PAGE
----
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    When you feel like it, opt to block your nose rather than blowing it. Blowing your nose and wiping it rubs the skin raw, which inflames the surrounding tissue and causes further mucus production. If you feel like throwing up from all the "post-nasal drip" (and/or guaifenesin), you might try gently and patiently wetting the tissues before wiping your nose with them. The amount of water needed depends on the tissue, and sufficiently but not overly wetting tissues is a subtle science that by the time you have mastered you will want to give seminars on its nuances, although the only people who are likely to listen are the few in the back of the crowd who look on with awe and remembrance of their recent head cold.
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    Use sage. You can drink sage tea but a simpler/arguably more effective remedy exists for nasal infections. When you can breathe through your nose, take a fresh, clean leaf of sage, roll it once or twice, and insert stem-side-first a little into your nose, on the side more infected. Breathe in through it and out through your mouth for ~5-15 minutes. Do this 3-4 times per day (after showers or tea is sometimes best for being able to breathe). You can also crumple the leaf and use it to stop up your nose when you want one nostril or the other to stop. Sage leaves have antibacterial, and antibiotic (the chemical Salvin) and antiseptic qualities and can greatly reduce recovery times.


  • if you are just looking to supplement advice of your doctor, remember to discuss it with her first. Also, black elderberry (specifically the "black" elderberry variety) extract has been clinically proven to reduce recovery times in half for over 90% of patients, and is the only such treatment method with numbers that good. It is delicious, and also very expensive, and potentially difficult to grow at home and process into the extract in meaningful quantities.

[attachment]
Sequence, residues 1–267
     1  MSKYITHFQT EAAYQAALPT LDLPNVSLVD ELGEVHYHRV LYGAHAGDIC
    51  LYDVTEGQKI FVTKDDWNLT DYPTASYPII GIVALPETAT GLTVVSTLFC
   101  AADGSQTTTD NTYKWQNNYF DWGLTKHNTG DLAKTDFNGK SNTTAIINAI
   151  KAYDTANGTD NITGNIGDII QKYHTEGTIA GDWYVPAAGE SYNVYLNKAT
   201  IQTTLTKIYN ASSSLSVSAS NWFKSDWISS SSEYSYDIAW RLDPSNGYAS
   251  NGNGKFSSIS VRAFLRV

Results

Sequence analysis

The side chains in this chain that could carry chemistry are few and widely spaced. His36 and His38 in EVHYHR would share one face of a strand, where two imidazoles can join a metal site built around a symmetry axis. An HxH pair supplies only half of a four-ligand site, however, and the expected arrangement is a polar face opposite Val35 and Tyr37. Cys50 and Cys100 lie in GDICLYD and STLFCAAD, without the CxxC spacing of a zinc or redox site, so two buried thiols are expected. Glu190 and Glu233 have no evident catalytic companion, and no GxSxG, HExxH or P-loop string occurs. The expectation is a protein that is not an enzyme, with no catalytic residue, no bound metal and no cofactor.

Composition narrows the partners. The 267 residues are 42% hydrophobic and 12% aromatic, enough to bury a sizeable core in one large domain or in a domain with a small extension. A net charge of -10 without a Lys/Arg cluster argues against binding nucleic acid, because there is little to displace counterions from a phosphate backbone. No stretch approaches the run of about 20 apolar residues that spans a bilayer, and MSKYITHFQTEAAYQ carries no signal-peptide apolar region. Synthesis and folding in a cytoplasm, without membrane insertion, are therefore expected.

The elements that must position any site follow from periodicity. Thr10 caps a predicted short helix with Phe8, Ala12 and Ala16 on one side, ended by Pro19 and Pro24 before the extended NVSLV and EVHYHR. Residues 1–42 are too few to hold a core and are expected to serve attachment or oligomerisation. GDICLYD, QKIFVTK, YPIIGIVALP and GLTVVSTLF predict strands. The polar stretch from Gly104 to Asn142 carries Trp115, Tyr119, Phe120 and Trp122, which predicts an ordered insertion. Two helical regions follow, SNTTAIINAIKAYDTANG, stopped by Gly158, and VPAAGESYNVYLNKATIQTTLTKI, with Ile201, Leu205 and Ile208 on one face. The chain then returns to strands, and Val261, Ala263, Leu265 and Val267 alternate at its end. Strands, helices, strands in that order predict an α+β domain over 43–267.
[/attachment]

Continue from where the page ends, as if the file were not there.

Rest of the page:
• the goal here is to try to sterilize and keep everything clean and antiseptic. antibacterial (lemon essence, cinnamon, etc) agents are just fine but they may be too late. colds are stopped with antiseptics and prevented with antibacterials/antibiotics. (and, if your body is losing the war so to speak, a cold may be stopped with antibiotics [penicillin, the salvin in sage] and things that may boost your immune system [see zinc, one of the first comments in the discussion page])
  • menthol + chamomile tastes just fine, perhaps with a bit of sugar. menthol + lemon verbana + green tea tastes absolutely wonderful, and can be enjoyed even when not sick.
  • keeping the sage indoors can offer leaves for longer in the year, especially in more northern climates. In the experience of some the sage must be fresh, especially to be used in the roll-up method described, as dry sage will simply crack, and will have little liquid to suspend the molecules and aerate them upon activation from body heat into the nose.
  • Another good year-round plant to keep are aloe (for dry skin), especially as it is so easy to keep. If you have trouble imagining keeping plants alive indoors, start with something easy.


  • This is not medical advice, nor offered as a substitute for medical advice. Seek medical advice when you feel ill.

Things You'll Need

  • sage. salvia officinalis 'Berggarten' is best, as it will rarely bloom and can therefore be harvested as long as it is active.
  • chamomile in your garden, that you harvested within the past year or two, clipped the buds and separated (disposed of the stems), dried, and stored with your teas.
  • menthol - so called 'wholly mint' and the variegated 'apple mint' make a great tea.

Article Info

Categories: Alternative Health